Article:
Famers on the Fringe

Updated: December 29, 2006, 1:09 PM ET

Last year Bruce Sutter was the only player to receive 75 percent of the vote, the total necessary for induction into the Baseball Hall of Fame. However, four players -- Jim Rice, Goose Gossage, Andre Dawson and Bert Blyleven -- received more than 50 percent of the vote.

With this year's Hall of Fame ballots due on Dec. 31, ESPN.com takes a closer look at the four players in the following order:

Dec. 26 -- Jim Rice
Dec. 27 -- Andre Dawson
Dec. 28 -- Bert Blyleven
Dec. 29 -- Goose Gossage

Are they Hall of Famers? You decide.


Position: RHP | Years: 1972-94 | Teams: White Sox, Pirates, Yankees, Padres, Cubs, Giants, Rangers, A's, Mariners
Key stats: 310 saves; 115 relief victories; 3.00 ERA; 22 seasons
Highlights: 9-time All-Star; AL Rolaids Relief Award (1978); 3-time AL saves leader; 1 World Series title
Years on ballot: 8 | Highest vote total: 336 (64.61%), 2006
Now that Bruce Sutter is in the Hall, what's the justification for keeping out the Goose? That his facial hair wasn't up to Hall of Fame standards? Fact is, Goose Gossage was better than Sutter. And he had a career almost twice as long. Let's review these mind-shaking credentials again: Over his first 10 seasons as a closer, Gossage had an ERA of 2.27 or lower in eight of them. He chewed up an incomprehensible number of innings early in his career (130-plus three times, 99 or more two other times). He made nine All-Star teams in 11 years. And according to Retrosheet, those poor right-handed hitters he faced over 22 seasons hit a combined .211 (with a .285 OBP and .311 SLG) against him. So you could make a case this man was the most dominating closer ever. Making him suffer through eight Hall elections is a bigger disgrace than "The Real Gilligan's Island."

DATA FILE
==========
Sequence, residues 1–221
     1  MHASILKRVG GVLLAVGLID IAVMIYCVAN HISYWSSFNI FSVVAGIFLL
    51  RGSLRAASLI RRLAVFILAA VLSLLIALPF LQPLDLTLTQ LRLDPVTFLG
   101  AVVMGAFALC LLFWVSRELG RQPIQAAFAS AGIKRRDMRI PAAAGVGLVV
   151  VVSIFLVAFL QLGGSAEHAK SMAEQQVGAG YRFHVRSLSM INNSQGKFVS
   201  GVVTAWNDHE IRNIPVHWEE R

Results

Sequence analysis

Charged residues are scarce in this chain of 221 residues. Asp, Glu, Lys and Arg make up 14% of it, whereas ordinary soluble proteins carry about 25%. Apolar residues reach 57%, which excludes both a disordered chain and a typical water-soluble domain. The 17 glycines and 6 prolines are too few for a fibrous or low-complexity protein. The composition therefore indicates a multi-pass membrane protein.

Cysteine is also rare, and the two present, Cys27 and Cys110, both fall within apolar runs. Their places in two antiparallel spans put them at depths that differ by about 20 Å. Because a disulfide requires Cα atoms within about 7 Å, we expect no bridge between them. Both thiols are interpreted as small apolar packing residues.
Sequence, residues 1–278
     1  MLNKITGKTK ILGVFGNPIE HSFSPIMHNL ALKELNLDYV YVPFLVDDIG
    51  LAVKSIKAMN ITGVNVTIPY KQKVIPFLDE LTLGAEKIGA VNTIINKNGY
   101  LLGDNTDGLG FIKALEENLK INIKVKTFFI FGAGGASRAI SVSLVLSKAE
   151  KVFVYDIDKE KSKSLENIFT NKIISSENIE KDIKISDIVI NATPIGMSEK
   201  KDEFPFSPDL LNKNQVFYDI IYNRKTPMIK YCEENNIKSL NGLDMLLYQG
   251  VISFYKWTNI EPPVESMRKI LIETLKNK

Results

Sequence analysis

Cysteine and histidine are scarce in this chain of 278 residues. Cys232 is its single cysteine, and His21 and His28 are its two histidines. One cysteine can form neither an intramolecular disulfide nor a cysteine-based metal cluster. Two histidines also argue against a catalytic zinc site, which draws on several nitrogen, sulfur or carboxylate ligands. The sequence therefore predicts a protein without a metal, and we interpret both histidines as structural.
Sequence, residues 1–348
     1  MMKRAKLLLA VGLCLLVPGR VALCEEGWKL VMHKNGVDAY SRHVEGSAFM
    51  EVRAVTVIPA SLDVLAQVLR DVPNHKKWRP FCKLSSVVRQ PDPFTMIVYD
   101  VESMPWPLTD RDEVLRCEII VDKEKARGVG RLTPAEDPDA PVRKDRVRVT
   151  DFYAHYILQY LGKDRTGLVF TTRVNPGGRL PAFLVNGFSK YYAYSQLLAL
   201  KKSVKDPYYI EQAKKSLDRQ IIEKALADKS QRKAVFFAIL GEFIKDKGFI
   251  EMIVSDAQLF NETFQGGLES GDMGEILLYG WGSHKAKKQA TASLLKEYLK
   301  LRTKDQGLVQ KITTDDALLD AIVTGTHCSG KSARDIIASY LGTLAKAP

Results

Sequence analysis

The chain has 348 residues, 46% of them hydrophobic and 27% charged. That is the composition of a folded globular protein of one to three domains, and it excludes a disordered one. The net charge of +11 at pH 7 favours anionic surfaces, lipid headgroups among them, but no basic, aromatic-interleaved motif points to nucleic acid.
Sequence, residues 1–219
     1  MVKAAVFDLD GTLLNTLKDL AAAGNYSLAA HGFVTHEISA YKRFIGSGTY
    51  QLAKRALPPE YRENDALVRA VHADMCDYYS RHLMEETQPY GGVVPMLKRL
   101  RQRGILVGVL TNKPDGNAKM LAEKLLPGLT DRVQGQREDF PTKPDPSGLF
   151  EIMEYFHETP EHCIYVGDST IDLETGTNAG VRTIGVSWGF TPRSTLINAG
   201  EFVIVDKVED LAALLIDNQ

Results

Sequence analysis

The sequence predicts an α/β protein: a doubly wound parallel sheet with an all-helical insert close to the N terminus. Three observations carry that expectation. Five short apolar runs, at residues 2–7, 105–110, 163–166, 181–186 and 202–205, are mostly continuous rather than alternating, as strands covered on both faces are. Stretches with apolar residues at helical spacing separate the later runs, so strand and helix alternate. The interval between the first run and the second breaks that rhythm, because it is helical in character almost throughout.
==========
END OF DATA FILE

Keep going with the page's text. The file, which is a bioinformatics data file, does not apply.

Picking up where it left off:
-- Jayson Stark
I'm the bad guy in the Gossage debate for two reasons: (1) Every Hall of Fame voter at ESPN (and there are 12) votes for Goose, and (2) I don't have a vote. So I'm taking one for the team. At the same time something must have convinced at least 35 percent of the voters not to pick Gossage last year. In his first year on the ballot (2000), the non-Goose supporters numbered more than 68 percent. So what's wrong? The relief-pitcher prejudice no longer applies, since Bruce Sutter just followed Rollie Fingers and Dennis Eckersley into the Hall. I could fixate on awards. Gossage won only one Rolaids Relief Award (1978), while Sutter and Fingers won four and Eck two. Plus, Sutter won a Cy Young, and Fingers and Eck both won a Cy Young and an MVP award. In the end, though, it's pretty hard to argue against Gossage. I'll just say Goose was great, but not Hall-worthy. After all, somebody had to do it.
-- David Kull